Redis Operation with Persistent Memory - Jakub Schmiegel, Intel

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Redis modifications to use Persistent Memory with NVML
shall be covered. Performance comparison of original Redis using different persistency modes with our implementation utilizing libpmemobj API shall be presented. We have focused on add, get, update scenarios as well as the overall system
performance in different resource conditions. We shall cover limitations of Copy-on-Write functionality with usage of Persistent Memory, and possible solutions to it

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  • App organize data between 2 tiers: memory and storage. PM – introduce third tier – accessed like volatile memory, using load/store, but retains its contents across resets.
    NVM refers to category of SSS devices, Flash Memory in SSD, battery backed-up memories.
    From this group extract devices byte addressable and fast enough, so it is reasonable to stall CPU load instruction, waiting for a load directly from PM.
  • 3DXPoint – announced July 2015. Expected to be much faster and much more durable than traditional SSD and more denser than RAM.
    Announced to be present in 2 forms: SSD drive and NVDIMM factor.
    NVDIMM – 3 TB per 1 socket
  • Here you can see NVDIMM Software Architecture utilized by sample Linux SW stack.
    DIMMs are described by BIOS to OS via NFIT (NVDIMM Firmware Interface Table). It is defined in ACPI – open standard that OS can use to perform discovery and configuration of hardware.
    Beginning from ACPI 6.0 – includes NFIT. NFIT provides info that allows to enumerate NVDIMMs, associate System Physical Addresses ranges created by NVDIMMs.
    NVDIMM Driver – Interfaces OS, File System to NVDIMM. Allows to manage all NVDIMMS. Included in kernel from 4.0.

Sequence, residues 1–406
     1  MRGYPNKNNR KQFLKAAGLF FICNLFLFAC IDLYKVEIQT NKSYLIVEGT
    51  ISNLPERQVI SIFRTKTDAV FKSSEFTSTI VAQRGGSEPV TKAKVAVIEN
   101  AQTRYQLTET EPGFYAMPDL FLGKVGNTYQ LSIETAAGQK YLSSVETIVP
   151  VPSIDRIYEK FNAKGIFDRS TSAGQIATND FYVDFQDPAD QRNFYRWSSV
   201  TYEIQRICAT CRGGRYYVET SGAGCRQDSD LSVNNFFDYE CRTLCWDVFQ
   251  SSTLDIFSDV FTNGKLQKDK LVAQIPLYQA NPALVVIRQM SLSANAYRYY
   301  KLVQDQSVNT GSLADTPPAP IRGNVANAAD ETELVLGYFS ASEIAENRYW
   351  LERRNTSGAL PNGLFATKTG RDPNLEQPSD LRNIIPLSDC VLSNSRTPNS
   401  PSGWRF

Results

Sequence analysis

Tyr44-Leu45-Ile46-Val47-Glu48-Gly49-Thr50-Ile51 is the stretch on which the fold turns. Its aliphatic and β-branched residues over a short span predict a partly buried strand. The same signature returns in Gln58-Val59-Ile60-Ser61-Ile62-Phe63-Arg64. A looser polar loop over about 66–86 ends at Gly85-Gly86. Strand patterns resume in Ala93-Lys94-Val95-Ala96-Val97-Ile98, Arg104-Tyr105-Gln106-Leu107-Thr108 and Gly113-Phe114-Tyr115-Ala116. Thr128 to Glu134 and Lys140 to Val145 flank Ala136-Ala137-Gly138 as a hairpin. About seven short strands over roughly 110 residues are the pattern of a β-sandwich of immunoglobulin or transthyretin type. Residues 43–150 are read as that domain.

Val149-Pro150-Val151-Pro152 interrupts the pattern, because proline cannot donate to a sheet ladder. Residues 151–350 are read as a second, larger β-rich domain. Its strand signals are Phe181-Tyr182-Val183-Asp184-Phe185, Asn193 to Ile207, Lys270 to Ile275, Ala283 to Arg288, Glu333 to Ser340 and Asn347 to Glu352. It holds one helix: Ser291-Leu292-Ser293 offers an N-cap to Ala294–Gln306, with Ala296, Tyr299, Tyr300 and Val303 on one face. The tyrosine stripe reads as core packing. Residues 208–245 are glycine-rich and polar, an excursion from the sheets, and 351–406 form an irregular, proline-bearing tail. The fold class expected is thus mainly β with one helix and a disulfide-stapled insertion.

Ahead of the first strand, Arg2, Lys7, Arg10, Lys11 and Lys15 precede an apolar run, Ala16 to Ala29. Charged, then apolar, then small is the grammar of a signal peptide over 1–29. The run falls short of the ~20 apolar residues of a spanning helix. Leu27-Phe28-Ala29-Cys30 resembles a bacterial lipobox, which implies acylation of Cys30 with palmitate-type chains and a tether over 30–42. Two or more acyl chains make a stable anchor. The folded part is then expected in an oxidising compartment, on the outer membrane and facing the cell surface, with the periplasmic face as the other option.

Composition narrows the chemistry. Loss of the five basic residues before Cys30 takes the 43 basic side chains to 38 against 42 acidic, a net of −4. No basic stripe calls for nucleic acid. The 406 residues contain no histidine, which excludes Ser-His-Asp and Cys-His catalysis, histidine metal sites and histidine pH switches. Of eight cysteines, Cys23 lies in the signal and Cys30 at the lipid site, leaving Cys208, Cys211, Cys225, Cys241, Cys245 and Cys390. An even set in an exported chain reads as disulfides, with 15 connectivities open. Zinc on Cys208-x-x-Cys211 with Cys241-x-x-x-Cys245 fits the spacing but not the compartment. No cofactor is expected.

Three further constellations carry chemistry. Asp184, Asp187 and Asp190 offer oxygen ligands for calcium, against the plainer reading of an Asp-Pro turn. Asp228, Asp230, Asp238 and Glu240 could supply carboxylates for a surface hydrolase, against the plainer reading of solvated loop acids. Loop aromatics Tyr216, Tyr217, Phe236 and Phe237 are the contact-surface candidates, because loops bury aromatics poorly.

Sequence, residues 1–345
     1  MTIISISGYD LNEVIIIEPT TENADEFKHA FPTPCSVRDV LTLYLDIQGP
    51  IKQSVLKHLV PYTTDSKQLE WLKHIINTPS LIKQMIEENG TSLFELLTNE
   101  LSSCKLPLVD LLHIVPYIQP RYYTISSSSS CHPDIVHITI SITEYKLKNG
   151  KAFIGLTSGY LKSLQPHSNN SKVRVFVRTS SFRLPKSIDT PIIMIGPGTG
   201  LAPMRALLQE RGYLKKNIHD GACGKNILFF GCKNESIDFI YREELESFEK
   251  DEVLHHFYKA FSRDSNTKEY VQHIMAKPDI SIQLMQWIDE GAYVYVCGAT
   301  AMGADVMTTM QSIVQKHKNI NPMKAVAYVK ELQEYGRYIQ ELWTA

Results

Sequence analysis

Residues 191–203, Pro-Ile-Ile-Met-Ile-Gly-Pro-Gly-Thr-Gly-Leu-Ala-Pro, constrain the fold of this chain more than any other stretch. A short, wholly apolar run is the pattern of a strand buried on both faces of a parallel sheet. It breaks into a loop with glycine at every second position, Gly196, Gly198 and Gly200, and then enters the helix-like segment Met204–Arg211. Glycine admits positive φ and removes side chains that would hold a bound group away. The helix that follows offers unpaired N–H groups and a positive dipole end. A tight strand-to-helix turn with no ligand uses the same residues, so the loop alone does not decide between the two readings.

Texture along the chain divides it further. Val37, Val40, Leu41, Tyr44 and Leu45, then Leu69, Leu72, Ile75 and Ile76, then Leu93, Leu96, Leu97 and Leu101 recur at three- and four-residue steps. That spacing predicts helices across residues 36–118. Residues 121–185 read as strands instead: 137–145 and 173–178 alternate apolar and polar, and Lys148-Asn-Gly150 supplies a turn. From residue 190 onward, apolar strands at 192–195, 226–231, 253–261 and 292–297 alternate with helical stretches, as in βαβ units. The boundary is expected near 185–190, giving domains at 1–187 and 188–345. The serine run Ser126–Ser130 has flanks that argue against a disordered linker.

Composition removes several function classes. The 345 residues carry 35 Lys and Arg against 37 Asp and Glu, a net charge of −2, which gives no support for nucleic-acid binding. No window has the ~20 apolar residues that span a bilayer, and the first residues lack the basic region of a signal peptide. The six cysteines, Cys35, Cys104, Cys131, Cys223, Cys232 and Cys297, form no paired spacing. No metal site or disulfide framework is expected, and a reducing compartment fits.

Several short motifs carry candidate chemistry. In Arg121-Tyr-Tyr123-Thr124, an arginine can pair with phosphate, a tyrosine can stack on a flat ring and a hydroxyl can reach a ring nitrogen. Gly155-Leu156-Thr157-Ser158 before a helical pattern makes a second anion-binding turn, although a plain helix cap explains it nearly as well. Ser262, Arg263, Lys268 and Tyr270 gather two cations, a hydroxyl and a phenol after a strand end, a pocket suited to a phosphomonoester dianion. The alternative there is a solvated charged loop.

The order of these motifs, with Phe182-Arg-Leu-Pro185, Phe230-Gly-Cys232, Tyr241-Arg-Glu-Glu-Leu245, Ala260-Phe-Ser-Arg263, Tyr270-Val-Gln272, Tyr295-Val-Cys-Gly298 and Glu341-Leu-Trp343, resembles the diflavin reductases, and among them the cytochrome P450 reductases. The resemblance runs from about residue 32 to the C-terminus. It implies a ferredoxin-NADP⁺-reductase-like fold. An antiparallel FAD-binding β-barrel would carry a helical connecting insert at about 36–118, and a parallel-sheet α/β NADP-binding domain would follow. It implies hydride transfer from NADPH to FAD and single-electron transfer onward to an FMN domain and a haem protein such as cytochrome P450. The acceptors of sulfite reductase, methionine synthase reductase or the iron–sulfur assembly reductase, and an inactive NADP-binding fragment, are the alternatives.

On left – it’s function is to provide the interfaces to Manageability SW.
    Block support. Allows block access using block file system and standard file API or direct with Standard Raw Device Access.

    PersistentMode – driver exposes memory to OS as a device. On device we can create FS. On Linux 4.0 there is DAX.
    The DAX code removes the extra copy to the page cache by performing reads and writes directly to the storage device.
    On disk we can create file and mmap it in application. Once App has access –may use memory directly, performs loads/stores without driver.
  • Mmap gives very raw access. It returns only address. We can use sbrk() system call to create malloc, free.
    Program allocates range of memory but dies before linking it – PM leak. It is not problem with volatile memory, but on PM we need pm-aware version of malloc.
    This is a place for NVML. It helps devs to manage some common problems like memory allocations and transactional updates.
    It is user space library. It operates outside of kernel so it is faster and more efficient.
  • It helps also with other issue.
    Need of msync – to flush data from cache lines and PM device caches.
    CLFLUSHOPT – push out of processor cache.
    PCOMMIT – commit all changes to PM.
    They are included in NVML code.
  • Consist of 6 libs, including libpmemobj.
    Operates on memory pool created with pmemobj_create(). Reference is passed to other functions.
    We can use it with atomic allocations or we can take advantage of transactional API, which will execute series of operations in transaction.
    Objects are represented by PMEMoids, consisting of Pool ID and offset inside pool.
    We can assign type number to object during allocation and then iterate through all objects of given type.
  • Why Redis – most popular key-value store. Modification is relatively easy.
    Separated user data in PM and internal data in RAM (like dictionary hashtable which can be rebuilt at startup).
    PM mode is enabled via in config file, then AOF and RDB are disabled.
    It is hard to be faster than Redis on RAM, but we can compete with Persistent Modes.
    Tested on 2 socket – 16 cores machine with 256 GB DDR3, part exposed as RAM, part as PM with NVDIMM driver.
    For RDB and AOF mode storage was 800GB Intel SSD attached via NVMe.